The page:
Today, February 17, is the effective date of Kari’s Law, which will require multi-line telephone systems to directly route 911 calls, without the need to dial a prefix to reach an outside line. FCC Chairman Pai has been working with Kari’s father, Hank Hunt, since 2013, for this change.
“More than six years ago, Hank Hunt launched a campaign to change phone systems so other families would not suffer a tragedy like his own,” said Pai.
“We are all taught from a very young age to dial 911 for emergencies. But because hotel phones required guests to dial 9 before calling 911, the calls for help placed by Kari’s daughter never went through.” He credited Hank’s “courage and dedication” to getting Kari’s Law enacted.
“Starting today, it will be easier for Americans in hotels, office buildings, and campuses to dial 911 and get help from first responders during emergencies—and it will save lives,” said Pai. He reminded building managers and others responsible for multi-line telephone systems they must adhere to the new requirements going forward.
Kari’s Law is named in honor of Kari Hunt, who was killed by her estranged husband in a motel room in Marshall, Texas in 2013. Her then-nine-year-old daughter tried to call 911 four times from the motel room phone, but the calls never went through because she didn’t know the system required dialing “9” for an outbound line before dialing 911.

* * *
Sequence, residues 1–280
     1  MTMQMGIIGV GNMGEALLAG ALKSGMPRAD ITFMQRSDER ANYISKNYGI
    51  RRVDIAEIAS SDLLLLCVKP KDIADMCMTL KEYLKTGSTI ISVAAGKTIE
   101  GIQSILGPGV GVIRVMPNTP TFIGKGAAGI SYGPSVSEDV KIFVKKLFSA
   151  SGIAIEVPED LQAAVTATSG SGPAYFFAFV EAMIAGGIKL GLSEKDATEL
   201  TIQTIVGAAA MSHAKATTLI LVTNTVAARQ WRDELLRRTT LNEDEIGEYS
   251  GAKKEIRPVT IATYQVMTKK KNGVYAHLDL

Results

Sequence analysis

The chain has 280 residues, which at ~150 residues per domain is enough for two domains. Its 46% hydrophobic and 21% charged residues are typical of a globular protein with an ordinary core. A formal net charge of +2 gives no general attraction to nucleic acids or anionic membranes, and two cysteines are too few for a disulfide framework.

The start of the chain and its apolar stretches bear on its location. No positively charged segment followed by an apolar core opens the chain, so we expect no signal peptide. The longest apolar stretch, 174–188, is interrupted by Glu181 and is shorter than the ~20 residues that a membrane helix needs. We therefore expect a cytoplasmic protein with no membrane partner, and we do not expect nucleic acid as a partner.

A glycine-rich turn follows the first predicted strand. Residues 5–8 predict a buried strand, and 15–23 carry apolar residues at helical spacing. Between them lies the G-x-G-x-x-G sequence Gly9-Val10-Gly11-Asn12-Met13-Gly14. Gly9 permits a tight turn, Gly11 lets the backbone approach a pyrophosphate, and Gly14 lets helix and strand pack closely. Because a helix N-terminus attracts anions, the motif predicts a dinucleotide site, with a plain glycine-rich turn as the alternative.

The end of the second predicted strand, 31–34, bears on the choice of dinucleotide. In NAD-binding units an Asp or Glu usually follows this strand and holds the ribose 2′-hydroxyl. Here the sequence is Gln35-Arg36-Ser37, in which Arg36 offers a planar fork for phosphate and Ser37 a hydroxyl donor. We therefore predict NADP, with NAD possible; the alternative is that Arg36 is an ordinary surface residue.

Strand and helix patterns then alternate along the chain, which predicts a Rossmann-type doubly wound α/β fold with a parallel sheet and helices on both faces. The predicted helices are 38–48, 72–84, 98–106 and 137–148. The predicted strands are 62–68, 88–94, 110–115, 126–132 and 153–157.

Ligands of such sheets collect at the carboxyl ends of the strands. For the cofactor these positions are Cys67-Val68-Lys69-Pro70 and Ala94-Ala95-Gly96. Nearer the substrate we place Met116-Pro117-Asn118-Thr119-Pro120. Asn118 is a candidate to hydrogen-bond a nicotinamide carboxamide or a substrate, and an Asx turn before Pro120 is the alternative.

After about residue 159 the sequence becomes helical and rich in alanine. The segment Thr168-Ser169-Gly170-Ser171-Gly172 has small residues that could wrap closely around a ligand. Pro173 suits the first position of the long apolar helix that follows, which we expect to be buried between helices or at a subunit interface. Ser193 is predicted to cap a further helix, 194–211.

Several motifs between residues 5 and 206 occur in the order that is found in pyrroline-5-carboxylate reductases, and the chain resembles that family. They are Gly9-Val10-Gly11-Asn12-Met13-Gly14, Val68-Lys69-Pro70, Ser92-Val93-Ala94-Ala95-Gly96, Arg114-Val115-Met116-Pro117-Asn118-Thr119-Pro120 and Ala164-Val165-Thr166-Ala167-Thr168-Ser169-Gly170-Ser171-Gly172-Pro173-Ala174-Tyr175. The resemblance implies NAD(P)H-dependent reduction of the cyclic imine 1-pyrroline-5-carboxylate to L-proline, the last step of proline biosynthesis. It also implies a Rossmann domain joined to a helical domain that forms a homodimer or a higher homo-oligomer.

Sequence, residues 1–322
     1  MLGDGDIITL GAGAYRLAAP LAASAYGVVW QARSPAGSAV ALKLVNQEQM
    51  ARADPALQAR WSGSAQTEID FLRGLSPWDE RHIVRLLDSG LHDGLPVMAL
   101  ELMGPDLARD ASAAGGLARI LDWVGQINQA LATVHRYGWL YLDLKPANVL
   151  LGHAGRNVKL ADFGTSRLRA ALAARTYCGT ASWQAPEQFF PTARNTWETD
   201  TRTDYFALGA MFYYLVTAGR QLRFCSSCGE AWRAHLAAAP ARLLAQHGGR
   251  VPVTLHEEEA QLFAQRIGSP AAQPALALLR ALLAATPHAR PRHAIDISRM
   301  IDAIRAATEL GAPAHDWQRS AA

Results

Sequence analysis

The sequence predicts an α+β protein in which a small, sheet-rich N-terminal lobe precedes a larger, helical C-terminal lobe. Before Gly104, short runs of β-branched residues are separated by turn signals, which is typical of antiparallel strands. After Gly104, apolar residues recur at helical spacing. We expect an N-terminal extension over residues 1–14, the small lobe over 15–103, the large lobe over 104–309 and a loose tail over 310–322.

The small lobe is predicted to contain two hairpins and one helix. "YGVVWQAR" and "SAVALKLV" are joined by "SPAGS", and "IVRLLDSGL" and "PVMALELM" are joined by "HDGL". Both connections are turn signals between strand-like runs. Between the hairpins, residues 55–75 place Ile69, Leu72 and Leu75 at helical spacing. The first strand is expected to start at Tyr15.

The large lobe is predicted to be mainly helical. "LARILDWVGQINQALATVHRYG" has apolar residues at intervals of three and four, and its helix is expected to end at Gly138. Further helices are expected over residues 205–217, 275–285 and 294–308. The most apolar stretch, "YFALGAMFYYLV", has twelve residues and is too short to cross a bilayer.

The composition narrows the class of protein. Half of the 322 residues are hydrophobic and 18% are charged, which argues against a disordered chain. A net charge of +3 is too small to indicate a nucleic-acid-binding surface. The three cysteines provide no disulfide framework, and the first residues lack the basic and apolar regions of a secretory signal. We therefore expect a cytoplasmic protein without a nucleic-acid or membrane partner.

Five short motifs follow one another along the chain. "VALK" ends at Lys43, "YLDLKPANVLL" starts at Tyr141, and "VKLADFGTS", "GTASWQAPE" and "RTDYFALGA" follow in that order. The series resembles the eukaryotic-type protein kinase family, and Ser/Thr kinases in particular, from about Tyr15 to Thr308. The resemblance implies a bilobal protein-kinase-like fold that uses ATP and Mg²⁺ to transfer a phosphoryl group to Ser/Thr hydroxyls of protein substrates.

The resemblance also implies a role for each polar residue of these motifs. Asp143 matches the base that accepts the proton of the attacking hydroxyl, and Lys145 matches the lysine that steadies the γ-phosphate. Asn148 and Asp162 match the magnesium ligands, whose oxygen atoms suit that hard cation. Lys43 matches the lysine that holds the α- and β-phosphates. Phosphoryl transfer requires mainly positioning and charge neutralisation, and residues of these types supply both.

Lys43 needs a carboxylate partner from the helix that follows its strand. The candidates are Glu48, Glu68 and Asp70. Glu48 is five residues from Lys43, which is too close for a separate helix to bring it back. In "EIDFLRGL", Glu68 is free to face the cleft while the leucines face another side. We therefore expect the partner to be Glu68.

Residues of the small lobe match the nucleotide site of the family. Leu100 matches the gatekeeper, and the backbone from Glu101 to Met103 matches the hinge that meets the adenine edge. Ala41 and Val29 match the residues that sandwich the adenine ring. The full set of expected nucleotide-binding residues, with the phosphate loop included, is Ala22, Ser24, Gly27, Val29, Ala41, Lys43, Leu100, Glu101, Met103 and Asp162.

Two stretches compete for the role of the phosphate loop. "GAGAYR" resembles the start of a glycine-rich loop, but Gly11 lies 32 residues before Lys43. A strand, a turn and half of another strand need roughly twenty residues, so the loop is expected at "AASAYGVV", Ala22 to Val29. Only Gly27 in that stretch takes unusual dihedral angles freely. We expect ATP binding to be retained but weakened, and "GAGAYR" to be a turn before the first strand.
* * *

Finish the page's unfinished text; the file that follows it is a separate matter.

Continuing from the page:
Pai launched an inquiry by asking the 10 largest hotel chains if guests can reach an emergency responder directly. He also called for 911 direct dialing at the FCC’s headquarters. In 2018, Congress passed Kari’s Law, which requires new multi-line telephone systems to enable users to dial 911 directly, without having to dial a prefix to reach an outside line. Kari’s Law also requires such systems to provide notification, such as to a front desk or security office, when a 911 call is made in order to facilitate building entry by first responders.
Last year, the FCC adopted rules to implement Kari’s Law. The FCC published information to assist stakeholders, including manufacturers, vendors, and owners of multi-line telephone systems, with compliance.